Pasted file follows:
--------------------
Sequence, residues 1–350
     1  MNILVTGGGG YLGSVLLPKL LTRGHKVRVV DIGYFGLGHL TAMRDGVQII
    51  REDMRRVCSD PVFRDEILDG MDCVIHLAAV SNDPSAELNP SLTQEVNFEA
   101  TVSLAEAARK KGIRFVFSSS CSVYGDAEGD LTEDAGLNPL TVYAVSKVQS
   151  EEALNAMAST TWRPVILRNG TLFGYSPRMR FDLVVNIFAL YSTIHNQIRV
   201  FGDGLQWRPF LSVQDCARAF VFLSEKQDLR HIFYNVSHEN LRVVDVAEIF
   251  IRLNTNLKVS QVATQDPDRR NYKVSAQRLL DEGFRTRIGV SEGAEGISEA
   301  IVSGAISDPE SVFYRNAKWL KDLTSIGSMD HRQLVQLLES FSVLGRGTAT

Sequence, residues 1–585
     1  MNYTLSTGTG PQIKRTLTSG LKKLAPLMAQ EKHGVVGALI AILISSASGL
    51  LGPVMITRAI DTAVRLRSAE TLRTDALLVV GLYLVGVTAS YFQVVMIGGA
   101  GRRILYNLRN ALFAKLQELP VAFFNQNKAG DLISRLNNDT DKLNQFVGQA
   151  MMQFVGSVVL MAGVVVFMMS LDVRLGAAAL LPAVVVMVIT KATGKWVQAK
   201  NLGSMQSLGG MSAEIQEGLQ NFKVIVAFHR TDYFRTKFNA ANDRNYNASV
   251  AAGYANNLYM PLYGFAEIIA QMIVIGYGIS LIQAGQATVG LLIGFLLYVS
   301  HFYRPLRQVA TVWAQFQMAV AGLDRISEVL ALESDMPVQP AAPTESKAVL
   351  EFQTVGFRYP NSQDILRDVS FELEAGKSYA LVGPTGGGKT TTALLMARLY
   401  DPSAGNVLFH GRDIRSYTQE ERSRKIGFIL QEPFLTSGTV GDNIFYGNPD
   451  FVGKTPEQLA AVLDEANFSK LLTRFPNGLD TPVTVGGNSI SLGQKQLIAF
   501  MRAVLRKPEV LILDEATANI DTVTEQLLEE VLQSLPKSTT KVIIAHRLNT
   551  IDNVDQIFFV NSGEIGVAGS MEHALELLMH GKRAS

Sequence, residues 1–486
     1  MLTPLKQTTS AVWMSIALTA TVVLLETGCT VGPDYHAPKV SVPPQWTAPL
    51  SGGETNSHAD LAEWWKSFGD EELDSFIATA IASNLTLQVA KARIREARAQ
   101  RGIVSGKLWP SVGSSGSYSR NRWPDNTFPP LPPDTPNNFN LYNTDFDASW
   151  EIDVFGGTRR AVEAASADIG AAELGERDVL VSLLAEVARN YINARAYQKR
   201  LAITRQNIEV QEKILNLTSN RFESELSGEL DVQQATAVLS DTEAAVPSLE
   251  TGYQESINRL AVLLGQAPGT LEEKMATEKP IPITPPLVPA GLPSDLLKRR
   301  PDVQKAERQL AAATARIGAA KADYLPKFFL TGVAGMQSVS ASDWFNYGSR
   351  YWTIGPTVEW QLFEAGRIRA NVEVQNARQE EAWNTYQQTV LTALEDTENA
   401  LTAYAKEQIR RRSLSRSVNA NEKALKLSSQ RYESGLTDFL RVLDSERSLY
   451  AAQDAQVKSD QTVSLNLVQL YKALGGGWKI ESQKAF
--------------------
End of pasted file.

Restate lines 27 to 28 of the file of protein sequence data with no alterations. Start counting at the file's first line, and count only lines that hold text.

   201  LAITRQNIEV QEKILNLTSN RFESELSGEL DVQQATAVLS DTEAAVPSLE
   251  TGYQESINRL AVLLGQAPGT LEEKMATEKP IPITPPLVPA GLPSDLLKRR